Ann Keating reviews media coverage of the INMO in recent weeks
The Limerick Post reported on concerns about midwifery staffing levels on August 31 – Midwives concern over Limerick staffing levels.
The article read: “Staffing levels in Limerick’s maternity hospital are causing huge concern with the HSE being shackled from hiring midwives, medical sources have revealed. There are currently up to 60 nursing positions unfilled between the maternity hospital on the Ennis road and the University Hospital, Dooradoyle… Sources say that while the HSE is doing all it can to fill the gaps with agency staff ‘the shortage of skilled, experienced midwives is a real concern’.“
“There is a staffing level below which there is real concern for safety… The revelations came in the wake of a new report which shows that pregnant women and their babies do better when they are cared for primarily by midwives.
“The study… by Prof Declan Devane, School of Nursing and Midwifery at NUI Galway, examined and reviewed models of care where midwifery-led services are in place. It identified that midwife-led continuity of care was associated with several benefits for mothers and babies.
“Welcoming the findings, the INMO said: ‘Our concern is heightened by members now confirming that, on a daily basis, they are very worried about safety due to inadequate staffing levels, and this must be of utmost concern to the employer.’
“Phil Ní Sheaghdha, INMO director of industrial relations, has long sought implementation of safe staffing levels within midwifery and promoted the role of the midwife in respect of care to mothers: ‘Midwives are calling for independent risk assessments to be carried out in their current work locations in respect of staffing levels and believe that their practice cannot be compromised because of the introduction of staffing reductions by the HSE.’
“She added that studies such as this assist in giving an independent opinion as to the benefit to the patients under the care of the HSE in respect of midwifery led care.
“‘The HSE should take this study’s findings into account when developing policy in relation to maternity care, but must immediately move to minimise and reduce all factors which interfere with provision of best care, especially inadequate staffing levels that exist in our maternity services today.’”
Nurses sign disclaimer over staff shortage fear was a headline in The Herald (August 31). “Nursing staff at Tallaght hospital have filed ‘disclaimer forms’ with the director of nursing because of critical staff shortages at the hospital.
“Last weekend, the Clinical Assessment Unit was forced to close for a period due to the shortage of personnel. It is understood that the limited numbers arise from the hospital’s decision to cut back on agency staff to save money. Nurses have been advised by the INMO to file disclaimer forms, where their ability to deliver safe care is challenged.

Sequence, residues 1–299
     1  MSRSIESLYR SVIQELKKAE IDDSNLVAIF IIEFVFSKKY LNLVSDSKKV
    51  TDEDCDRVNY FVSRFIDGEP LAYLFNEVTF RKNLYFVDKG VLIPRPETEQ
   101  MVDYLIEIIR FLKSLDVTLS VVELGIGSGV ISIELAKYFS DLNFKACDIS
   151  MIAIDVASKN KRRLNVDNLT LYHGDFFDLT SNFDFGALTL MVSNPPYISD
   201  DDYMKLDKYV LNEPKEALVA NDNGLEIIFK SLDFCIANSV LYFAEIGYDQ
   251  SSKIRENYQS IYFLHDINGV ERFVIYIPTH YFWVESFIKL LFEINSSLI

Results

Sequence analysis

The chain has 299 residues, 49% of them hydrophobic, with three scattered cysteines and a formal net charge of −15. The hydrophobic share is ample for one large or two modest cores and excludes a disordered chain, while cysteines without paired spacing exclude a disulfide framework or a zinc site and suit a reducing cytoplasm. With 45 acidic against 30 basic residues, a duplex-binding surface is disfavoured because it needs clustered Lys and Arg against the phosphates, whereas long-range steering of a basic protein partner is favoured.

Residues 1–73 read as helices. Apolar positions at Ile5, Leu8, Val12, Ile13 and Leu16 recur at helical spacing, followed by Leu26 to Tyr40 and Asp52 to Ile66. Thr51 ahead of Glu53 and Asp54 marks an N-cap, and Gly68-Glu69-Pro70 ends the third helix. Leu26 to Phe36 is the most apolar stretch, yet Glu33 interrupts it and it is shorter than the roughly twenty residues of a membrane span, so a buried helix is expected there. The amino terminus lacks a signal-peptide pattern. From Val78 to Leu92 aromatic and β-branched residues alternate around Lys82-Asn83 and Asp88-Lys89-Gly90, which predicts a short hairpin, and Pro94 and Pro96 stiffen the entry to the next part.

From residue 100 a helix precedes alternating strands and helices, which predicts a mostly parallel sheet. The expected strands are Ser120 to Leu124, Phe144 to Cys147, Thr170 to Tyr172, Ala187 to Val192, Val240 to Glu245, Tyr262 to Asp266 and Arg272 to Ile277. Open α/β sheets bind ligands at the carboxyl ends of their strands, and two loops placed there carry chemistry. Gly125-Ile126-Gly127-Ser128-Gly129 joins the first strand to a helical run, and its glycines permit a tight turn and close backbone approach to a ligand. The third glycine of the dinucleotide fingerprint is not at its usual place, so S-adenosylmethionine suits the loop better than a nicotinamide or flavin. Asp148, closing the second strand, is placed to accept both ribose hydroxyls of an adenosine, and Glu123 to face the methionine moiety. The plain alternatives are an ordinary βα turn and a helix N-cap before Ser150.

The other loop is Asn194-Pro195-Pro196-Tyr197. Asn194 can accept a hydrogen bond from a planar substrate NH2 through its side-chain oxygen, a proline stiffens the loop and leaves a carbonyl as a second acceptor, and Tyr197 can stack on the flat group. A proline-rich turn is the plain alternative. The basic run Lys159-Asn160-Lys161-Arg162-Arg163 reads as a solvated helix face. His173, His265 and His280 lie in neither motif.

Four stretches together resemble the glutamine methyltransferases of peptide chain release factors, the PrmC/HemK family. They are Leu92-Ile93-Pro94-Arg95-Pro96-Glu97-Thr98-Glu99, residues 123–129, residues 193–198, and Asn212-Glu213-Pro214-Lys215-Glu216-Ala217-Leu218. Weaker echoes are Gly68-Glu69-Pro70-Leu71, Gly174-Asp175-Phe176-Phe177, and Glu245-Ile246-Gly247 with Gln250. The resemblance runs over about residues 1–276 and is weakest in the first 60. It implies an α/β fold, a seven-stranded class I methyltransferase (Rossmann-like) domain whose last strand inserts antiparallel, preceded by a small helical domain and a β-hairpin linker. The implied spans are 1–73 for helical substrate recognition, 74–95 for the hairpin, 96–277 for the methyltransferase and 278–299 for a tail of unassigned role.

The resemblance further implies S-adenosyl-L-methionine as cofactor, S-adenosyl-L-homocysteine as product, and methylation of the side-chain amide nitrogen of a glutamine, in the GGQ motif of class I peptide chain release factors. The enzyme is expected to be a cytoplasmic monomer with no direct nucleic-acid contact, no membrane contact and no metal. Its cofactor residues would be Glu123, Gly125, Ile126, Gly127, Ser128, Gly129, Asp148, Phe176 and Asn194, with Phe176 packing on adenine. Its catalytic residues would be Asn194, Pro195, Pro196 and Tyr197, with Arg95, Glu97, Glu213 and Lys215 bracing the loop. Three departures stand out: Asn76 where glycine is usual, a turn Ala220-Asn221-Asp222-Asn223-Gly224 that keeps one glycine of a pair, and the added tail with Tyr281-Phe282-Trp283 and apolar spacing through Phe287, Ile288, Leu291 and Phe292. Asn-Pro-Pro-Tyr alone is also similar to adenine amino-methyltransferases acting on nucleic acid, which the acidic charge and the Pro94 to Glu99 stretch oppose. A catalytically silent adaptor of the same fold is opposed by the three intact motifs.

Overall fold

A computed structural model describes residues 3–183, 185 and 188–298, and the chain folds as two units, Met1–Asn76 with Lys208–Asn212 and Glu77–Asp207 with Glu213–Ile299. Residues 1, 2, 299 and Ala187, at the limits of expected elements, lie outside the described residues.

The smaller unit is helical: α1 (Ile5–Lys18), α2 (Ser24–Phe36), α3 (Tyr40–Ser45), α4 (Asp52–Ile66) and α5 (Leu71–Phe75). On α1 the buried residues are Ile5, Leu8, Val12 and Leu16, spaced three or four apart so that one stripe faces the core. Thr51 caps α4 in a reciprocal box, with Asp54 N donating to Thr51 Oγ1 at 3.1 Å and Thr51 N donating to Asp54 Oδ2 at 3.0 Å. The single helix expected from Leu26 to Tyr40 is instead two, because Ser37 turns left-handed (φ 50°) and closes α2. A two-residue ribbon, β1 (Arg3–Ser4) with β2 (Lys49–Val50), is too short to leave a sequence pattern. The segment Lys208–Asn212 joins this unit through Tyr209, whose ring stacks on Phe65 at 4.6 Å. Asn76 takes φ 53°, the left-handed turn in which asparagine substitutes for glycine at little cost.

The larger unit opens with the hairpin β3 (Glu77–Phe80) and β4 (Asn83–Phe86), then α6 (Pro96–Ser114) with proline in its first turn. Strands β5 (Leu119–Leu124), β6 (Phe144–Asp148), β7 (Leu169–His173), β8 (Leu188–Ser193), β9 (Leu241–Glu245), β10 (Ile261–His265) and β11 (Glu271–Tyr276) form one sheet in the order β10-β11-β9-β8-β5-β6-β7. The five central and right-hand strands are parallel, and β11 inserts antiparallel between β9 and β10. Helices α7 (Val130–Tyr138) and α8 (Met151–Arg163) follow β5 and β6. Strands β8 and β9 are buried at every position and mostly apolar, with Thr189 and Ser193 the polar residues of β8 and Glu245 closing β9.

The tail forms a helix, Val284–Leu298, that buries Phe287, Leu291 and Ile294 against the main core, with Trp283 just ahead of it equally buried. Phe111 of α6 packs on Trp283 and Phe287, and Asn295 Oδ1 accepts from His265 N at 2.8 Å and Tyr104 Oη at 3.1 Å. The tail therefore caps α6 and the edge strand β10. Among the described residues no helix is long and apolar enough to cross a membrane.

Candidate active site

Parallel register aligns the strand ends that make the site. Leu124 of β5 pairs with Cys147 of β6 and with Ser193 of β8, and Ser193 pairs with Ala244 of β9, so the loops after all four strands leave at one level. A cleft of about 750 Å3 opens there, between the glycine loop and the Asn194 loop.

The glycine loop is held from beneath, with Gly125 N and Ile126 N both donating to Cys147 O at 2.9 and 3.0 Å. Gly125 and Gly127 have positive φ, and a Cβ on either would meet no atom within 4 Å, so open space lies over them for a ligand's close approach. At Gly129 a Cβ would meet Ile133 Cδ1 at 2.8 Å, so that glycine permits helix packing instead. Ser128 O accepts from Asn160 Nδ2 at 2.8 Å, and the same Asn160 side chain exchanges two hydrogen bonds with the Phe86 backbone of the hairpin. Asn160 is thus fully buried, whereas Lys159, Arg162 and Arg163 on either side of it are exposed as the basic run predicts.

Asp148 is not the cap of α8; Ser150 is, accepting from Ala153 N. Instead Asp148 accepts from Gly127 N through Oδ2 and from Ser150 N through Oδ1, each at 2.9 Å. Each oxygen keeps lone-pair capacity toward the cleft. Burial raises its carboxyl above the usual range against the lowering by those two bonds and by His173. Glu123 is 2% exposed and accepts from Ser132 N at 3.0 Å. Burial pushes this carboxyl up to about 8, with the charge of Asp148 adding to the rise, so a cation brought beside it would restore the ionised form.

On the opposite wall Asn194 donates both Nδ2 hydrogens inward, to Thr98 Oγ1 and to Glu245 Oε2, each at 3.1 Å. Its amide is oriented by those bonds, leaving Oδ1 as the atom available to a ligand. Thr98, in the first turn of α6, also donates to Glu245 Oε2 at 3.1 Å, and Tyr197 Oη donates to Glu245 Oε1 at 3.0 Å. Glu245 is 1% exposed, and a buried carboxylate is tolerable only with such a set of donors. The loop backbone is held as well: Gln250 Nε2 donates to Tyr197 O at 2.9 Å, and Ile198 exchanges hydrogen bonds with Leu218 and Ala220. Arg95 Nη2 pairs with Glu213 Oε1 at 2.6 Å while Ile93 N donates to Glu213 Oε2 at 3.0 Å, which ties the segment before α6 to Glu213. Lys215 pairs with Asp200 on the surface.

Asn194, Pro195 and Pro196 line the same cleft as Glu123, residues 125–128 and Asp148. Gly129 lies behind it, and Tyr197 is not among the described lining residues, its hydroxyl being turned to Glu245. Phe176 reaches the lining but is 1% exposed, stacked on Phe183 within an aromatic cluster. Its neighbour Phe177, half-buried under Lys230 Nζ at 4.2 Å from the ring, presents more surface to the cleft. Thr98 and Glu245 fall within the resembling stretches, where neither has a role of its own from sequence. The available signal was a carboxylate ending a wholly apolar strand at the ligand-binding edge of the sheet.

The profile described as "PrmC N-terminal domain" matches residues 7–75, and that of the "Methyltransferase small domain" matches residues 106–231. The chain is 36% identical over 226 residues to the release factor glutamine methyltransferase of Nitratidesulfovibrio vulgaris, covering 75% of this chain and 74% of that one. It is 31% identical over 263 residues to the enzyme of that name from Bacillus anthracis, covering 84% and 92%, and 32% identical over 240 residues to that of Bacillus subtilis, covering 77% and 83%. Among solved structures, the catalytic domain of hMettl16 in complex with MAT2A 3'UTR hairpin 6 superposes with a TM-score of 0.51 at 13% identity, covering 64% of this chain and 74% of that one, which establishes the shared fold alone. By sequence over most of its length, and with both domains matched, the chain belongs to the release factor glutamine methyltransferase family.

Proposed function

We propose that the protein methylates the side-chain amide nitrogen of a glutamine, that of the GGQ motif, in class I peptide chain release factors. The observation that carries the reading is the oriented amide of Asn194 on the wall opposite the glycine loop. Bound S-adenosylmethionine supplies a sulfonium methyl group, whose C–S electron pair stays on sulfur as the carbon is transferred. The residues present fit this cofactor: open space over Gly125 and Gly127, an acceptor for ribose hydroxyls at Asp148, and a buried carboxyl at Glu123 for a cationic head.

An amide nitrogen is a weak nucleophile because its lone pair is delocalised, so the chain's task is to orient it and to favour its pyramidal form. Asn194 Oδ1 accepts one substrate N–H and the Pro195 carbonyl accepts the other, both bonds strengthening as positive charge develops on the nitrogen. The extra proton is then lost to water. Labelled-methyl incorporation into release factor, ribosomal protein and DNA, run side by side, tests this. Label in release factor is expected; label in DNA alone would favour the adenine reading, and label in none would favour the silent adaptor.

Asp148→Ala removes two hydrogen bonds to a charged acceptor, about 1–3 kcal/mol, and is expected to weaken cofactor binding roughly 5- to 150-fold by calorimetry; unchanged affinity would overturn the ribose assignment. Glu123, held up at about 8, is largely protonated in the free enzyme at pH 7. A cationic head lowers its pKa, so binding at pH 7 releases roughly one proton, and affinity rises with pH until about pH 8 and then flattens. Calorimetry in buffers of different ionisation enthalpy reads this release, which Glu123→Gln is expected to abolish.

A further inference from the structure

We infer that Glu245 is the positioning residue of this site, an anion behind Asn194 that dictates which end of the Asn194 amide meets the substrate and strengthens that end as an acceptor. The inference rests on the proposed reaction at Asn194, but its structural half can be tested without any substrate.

“The INMO advises members to submit forms to their line manager whenever they believe their ability to provide safe care is compromised. Nurses at Tallaght Hospital say they are doing extra shifts to cope and are so busy they are unable to claim the time-in-lieu back.”
Liam Doran in leadership
The Nationalist Carlow (August 20) ran the headline – If you’re looking for leadership, talk to a male nurse. The paper was reporting on a new book from Oak Tree Press, Leadership in Action ll, which profiles 19 Irish men in leadership positions who began their careers as nurses and who now lead major academic, health, social enterprises or businesses.
These include: Seamus Cowman, professor of nursing and head of department at the Royal College of Surgeons; Liam Doran, general secretary of the INMO; and Peter McLoone, former secretary general of the trade union, IMPACT.
The article read: “Oak Tree Press believes that these stories of success will help not only students in nursing but also future leaders in other disciplines to ‘chart new courses in their life’s work and to build on the holistic, caring, interpersonal skills that are at the core of their nursing preparation.”
“According to the publisher, ‘this book is a testimony to the 19 Irish men who made a difference in society through their significant leadership contributions, and a book that can be used to teach aspiring leaders’.” (www.oaktreepress.eu)
The Irish Examiner (August 3) reported on new Department of Justice figures on physical abuse suffered by essential frontline workers – Emergency workers attacked ‘every 30 hours’.
“The equivalent of one frontline emergency worker providing vital help to the public is assaulted once every 30 hours – the highest rate in half a decade. The worst rate occurred in 2011, the most up-to- date information available, when 309 people tasked with providing life-saving help were attacked by members of the public – the equivalent of an assault every 30 hours.’
“While the Department of Justice said the figures are ‘provisional’, as it takes time for cases to pass through the courts, the details also show only a small percentage of the most recent cases lead to conviction.”
“Violence against healthcare staff has been flagged as a problem for almost a decade, with ambulance personnel and the INMO repeatedly raising the issue as a major cause of concern to them.”
Ann Keating is the INMO media relations officer email: email@example.com
|Media Watch - Midwifery staffing levels hit headlines|